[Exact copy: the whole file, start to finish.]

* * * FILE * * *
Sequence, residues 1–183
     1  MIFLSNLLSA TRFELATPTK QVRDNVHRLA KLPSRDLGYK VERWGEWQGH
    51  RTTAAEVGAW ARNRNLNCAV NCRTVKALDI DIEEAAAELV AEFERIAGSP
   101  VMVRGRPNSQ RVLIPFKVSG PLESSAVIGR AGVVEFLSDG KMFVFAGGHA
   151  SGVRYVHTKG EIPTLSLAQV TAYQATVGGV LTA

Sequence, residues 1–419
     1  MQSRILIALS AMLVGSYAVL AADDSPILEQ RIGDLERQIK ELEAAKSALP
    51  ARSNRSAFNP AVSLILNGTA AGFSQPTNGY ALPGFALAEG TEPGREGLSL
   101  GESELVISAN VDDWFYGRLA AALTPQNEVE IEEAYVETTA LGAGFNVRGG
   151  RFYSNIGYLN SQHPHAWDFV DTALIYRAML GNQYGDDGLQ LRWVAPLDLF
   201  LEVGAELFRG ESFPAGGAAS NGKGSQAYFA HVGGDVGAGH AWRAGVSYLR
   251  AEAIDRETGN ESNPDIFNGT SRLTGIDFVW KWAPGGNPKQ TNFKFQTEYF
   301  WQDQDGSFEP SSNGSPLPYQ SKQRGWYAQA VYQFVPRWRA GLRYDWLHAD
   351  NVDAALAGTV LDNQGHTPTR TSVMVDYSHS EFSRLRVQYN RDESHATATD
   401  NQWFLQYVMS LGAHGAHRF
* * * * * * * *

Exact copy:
Sequence, residues 1–183
     1  MIFLSNLLSA TRFELATPTK QVRDNVHRLA KLPSRDLGYK VERWGEWQGH
    51  RTTAAEVGAW ARNRNLNCAV NCRTVKALDI DIEEAAAELV AEFERIAGSP
   101  VMVRGRPNSQ RVLIPFKVSG PLESSAVIGR AGVVEFLSDG KMFVFAGGHA
   151  SGVRYVHTKG EIPTLSLAQV TAYQATVGGV LTA

Sequence, residues 1–419
     1  MQSRILIALS AMLVGSYAVL AADDSPILEQ RIGDLERQIK ELEAAKSALP
    51  ARSNRSAFNP AVSLILNGTA AGFSQPTNGY ALPGFALAEG TEPGREGLSL
   101  GESELVISAN VDDWFYGRLA AALTPQNEVE IEEAYVETTA LGAGFNVRGG
   151  RFYSNIGYLN SQHPHAWDFV DTALIYRAML GNQYGDDGLQ LRWVAPLDLF
   201  LEVGAELFRG ESFPAGGAAS NGKGSQAYFA HVGGDVGAGH AWRAGVSYLR
   251  AEAIDRETGN ESNPDIFNGT SRLTGIDFVW KWAPGGNPKQ TNFKFQTEYF
   301  WQDQDGSFEP SSNGSPLPYQ SKQRGWYAQA VYQFVPRWRA GLRYDWLHAD
   351  NVDAALAGTV LDNQGHTPTR TSVMVDYSHS EFSRLRVQYN RDESHATATD
   401  NQWFLQYVMS LGAHGAHRF